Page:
Expect the Bush administration to continue to make the Middle East the center of American foreign policy. Also expect its strategies to remain basically unchanged – despite their mixed record so far.
That's the message in a major foreign policy document issued last week by the White House, The National Security Strategy of the United States of America. Mandated by law to appear every four years, the NSS, 49 pages long, was written by the national security advisor, Stephen Hadley and his team.
The Middle East's outsized role comes across in various ways. In a cover letter, President Bush opens the report by stating "America is at war" and describing the enemy as "terrorism fueled by an aggressive ideology of hatred and murder, fully revealed to the American people on September 11, 2001." The report singles out the Middle East as the region that "continues to command the world's attention" because for too long, many of its countries "have suffered from a freedom deficit. Repression has fostered corruption, imbalanced or stagnant economies, political resentments, regional conflicts, and religious extremism."
Other indications point to the centrality of the Middle East and Gulf states. Iraq is mentioned by name 57 times, while China is named just 28 times and Russia 17. The most dangerous state? "We may face no greater challenge from a single country than from Iran," asserts the report. And the Syrian regime, which "has chosen to be an enemy of freedom, justice, and peace," will be held to account.
This focus on the Middle East makes sense, given the region's many urgent threats to America. Unfortunately, the NSS then insists on a rosy-tinted outlook, either understating the region's problems or approaching them too optimistically.
Circumstances in Iraq are presented as a mere challenge to be overcome. "We will work with the freely elected, democratic government of Iraq – our new partner in the War on Terror – to consolidate and expand freedom, and to build security and lasting stability" – as though the specter of civil war were not looming.
That "every time an American goes to a gas station," as Gal Luft puts it," he is sending money to America's enemies," is a rude problem absent from the NSS, other than a vague acknowledgment that "oil revenues fund activities that destabilize [the producers'] regions or advance violent ideologies."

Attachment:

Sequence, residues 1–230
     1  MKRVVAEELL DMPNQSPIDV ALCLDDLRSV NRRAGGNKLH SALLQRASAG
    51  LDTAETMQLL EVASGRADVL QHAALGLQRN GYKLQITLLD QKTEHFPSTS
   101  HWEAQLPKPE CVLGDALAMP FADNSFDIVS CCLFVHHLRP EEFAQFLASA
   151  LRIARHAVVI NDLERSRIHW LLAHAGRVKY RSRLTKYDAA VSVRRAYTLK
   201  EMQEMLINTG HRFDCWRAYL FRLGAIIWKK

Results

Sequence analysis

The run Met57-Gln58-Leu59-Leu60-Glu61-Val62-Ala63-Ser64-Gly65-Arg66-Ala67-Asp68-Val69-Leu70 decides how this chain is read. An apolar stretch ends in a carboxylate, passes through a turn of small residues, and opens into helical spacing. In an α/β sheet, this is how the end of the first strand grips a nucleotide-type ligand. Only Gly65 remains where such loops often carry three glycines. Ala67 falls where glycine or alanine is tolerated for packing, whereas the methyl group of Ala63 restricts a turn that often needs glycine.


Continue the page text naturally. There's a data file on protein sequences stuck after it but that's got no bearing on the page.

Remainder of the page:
The report minimizes the threat of radical Islam via the fiction that a "proud religion" has been "twisted and made to serve an evil." Not so: Islamism is a deeply grounded and widely popular version of Islam, as shown by election results from Afghanistan to Algeria. Reliable opinion polls are lacking from majority-Muslim countries but repeated surveys in Britain give some idea of the harrowingly extremist attitudes of its Muslim population: 5 % of them support the July 7, 2005, terrorist attacks in London and say more such attacks are justified; 20% have sympathy with the feelings and motives of the July 7 attackers and believe that suicide attacks against the military in Britain can be justified. These results are probably typical of Muslim populations globally, as recent polls of Indonesians and Palestinian Arabs confirms.
The NSS omits any mention of Turkey and Bangladesh and it refers to Saudi Arabia only in passing, suggesting that the Islamist leadership in these states poses no particular concern. The administration's grievous error in helping a terrorist organization, Hamas, reach power in January 2006 is glossed over with soothing words ("The opportunity for peace and statehood … is open if Hamas will abandon its terrorist roots and change its relationship with Israel").
Thus does the NSS accurately reflect the yin and yang of the Bush administration's Middle East policy: a much-needed, relentless focus on the region's sick political culture and the threats it poses to Americans, mixed with an insouciance that current policies are just fine, thank you, everything is on track, and problems – Iraq, terrorism, and the Arab-Israeli conflict in particular – will soon enough be resolved.
Significantly, only the Iranian drive for nuclear weapons does not inspire that glow of confidence. Here, the administration is frankly worried ( "if confrontation is to be avoided," states the NSS, diplomatic efforts must succeed in convincing Tehran to restrict its nuclear program to peaceful purposes). This observer wishes that comparable doubts accompanied other American policies in the region.